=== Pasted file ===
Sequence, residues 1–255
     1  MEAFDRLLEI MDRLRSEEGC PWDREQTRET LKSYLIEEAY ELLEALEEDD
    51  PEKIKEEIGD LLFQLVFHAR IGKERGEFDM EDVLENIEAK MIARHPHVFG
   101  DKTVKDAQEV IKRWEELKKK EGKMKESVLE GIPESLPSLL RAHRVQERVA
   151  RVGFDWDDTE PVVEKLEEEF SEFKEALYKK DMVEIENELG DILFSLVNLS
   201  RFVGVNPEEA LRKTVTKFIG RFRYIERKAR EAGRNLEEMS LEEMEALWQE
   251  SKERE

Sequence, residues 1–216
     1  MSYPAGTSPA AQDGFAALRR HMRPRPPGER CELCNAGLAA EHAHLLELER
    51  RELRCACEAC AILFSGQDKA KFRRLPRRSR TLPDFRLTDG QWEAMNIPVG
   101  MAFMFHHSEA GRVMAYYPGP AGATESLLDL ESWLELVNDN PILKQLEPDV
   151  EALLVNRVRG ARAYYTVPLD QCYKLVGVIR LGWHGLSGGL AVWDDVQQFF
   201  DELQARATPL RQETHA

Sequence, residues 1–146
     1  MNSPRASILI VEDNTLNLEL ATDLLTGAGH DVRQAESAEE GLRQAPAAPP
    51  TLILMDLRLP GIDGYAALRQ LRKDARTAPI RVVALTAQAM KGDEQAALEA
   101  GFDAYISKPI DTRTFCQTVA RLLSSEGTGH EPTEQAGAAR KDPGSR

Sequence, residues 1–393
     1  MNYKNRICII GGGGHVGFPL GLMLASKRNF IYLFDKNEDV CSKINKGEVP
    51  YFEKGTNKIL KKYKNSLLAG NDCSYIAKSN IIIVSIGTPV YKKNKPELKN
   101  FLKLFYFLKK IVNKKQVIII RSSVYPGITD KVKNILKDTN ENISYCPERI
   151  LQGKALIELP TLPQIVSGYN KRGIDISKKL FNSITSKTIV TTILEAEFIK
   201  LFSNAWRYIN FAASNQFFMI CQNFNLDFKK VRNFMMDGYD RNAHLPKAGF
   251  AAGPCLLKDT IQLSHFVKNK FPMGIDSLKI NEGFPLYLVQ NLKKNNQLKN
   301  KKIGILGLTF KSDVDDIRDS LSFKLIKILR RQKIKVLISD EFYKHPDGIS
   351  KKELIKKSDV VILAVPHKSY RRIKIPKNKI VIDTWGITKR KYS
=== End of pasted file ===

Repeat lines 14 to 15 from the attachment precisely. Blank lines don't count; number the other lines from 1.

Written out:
Sequence, residues 1–146
     1  MNSPRASILI VEDNTLNLEL ATDLLTGAGH DVRQAESAEE GLRQAPAAPP